McKenzie's predecessor Robbie Deans showed huge faith in O'Connor, naming him fly-half for the Lions series, but the versatile utility struggled in the playmaking position as the
Wallabies lost the series 2-1. O'Connor further blotted his copybook by missing a bus for training and being photographed at a fast food restaurant with fellow Wallabies back Kurtley Beale in the lead-up to the second Lions Test in Melbourne.
Despite finishing the Lions tour in a storm of criticism and being dumped by Super Rugby club Melbourne Rebels, O'Connor was named in McKenzie's 30-man squad for the southern hemisphere
Rugby Championship, which kicks off with a match against New Zealand in Sydney on Saturday.
O'Connor is not among McKenzie's preferred fly-half candidates, however, and the talented 23-year-old said that "wasn't too big a shock" after the series to the Lions.
"I don't play rugby to be talked about off the field," O'Connor told reporters in Sydney on Monday.
"I'm playing rugby because I love it and that's what I want to be doing, playing for my country.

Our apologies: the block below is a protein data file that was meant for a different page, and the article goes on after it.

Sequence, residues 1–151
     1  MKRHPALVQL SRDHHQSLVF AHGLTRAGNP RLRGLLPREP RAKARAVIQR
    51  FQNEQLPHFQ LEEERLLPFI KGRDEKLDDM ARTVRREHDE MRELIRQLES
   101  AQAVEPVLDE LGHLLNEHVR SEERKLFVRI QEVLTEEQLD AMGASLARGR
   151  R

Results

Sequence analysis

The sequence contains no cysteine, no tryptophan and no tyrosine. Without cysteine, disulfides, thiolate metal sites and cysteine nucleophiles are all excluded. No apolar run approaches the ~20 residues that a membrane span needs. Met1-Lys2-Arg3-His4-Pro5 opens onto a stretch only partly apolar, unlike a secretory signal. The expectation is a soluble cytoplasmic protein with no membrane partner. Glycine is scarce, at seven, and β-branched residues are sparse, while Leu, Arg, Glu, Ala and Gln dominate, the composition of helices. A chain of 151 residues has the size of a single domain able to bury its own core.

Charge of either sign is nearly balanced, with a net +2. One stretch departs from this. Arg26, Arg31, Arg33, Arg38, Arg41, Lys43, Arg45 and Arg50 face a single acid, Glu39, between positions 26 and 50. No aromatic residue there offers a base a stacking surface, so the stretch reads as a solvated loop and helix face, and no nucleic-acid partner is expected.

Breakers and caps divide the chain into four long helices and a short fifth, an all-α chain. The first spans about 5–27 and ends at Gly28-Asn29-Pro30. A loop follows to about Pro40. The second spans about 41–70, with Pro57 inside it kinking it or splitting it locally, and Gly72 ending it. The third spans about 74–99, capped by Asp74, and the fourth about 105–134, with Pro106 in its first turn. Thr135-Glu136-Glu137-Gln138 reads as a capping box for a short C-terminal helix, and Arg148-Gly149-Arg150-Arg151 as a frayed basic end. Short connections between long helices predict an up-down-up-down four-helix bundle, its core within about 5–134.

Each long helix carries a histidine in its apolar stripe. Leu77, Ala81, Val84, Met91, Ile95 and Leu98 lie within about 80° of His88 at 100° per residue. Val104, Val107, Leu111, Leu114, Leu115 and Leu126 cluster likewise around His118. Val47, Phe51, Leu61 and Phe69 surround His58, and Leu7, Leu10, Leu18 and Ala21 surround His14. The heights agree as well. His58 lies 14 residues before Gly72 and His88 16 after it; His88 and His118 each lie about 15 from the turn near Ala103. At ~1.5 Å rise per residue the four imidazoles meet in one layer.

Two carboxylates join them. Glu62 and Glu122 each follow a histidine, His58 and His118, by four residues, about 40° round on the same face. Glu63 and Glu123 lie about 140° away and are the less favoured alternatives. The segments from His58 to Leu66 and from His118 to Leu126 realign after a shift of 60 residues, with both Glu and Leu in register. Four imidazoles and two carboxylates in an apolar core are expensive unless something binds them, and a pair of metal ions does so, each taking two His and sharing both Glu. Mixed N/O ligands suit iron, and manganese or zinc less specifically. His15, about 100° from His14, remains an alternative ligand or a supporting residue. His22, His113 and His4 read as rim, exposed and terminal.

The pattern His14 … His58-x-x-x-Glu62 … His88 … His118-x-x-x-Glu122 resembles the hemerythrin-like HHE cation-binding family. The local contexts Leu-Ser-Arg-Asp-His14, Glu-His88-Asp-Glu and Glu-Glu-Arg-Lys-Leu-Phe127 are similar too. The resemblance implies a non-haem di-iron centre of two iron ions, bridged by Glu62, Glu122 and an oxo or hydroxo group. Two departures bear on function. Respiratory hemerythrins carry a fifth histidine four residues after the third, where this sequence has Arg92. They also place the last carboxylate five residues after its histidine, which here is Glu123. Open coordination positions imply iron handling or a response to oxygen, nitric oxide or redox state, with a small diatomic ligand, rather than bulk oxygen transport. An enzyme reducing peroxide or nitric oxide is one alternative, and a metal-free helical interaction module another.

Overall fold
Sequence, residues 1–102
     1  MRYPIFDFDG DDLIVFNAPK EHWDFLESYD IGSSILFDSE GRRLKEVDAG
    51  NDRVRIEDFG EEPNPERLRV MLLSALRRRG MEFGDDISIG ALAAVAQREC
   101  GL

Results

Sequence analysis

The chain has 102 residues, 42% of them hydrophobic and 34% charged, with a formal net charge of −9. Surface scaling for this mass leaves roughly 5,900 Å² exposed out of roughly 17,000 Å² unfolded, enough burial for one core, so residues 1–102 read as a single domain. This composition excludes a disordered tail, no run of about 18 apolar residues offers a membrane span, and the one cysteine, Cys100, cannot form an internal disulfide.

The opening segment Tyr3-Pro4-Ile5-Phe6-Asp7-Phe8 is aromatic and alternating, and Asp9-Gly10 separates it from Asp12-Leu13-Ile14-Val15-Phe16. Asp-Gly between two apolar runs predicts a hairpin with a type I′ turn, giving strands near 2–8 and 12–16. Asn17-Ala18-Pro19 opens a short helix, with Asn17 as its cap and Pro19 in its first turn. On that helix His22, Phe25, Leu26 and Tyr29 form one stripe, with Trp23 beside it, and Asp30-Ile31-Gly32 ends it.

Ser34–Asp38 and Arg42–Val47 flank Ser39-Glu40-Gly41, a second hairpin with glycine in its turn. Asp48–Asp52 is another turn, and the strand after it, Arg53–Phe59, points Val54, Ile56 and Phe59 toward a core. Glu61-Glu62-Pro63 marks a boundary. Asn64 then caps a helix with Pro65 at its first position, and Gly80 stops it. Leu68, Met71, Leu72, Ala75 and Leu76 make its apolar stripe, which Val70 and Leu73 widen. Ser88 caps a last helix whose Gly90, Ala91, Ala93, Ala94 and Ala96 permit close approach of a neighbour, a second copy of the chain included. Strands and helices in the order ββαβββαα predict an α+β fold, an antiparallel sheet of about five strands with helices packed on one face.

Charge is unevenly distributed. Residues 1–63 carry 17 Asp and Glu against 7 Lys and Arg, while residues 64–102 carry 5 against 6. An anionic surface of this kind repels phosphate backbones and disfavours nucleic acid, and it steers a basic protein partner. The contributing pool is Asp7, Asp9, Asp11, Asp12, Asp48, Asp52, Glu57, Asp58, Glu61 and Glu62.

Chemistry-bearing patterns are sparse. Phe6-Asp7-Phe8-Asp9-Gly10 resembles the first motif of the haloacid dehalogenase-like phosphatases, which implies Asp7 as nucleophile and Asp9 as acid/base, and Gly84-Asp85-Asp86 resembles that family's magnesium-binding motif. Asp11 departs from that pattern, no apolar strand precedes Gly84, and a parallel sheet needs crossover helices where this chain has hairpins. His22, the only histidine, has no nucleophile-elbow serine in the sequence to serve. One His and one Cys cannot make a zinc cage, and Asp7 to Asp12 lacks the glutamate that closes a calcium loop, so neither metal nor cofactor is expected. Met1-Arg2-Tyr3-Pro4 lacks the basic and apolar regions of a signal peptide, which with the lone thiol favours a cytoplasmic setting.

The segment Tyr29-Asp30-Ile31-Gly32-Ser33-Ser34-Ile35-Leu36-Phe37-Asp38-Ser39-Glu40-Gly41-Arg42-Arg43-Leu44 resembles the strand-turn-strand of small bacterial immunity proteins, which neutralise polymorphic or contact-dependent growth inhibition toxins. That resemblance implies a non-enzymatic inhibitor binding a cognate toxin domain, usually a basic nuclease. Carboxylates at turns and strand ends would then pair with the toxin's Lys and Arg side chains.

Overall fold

"At the moment I'm doing the hard yards and I'm trying to get involved and earn myself into the team.
"It's not hard to do, it's just putting the team first.
"There's definitely things that I already have changed and am in the process of doing, personal things."
O'Connor remains without a Super Rugby club and only the lowly Western Force have professed an interest, despite parting ways with him in acrimonious circumstances in 2011.
He is likely to retain his place in the Wallabies' starting 15, however, but is expected play in the team's back three where he has thrived in the past, launching counter-attacks from full-back or raids down the wings.
McKenzie's intent to coach an entertaining rugby team is likely to be music to O'Connor's ears.
"We spoke about the game plan and it's got a lot of boys excited, especially being a back," O'Connor said.
"Just the scope. There's a lot of landscape in the game plan to express yourself."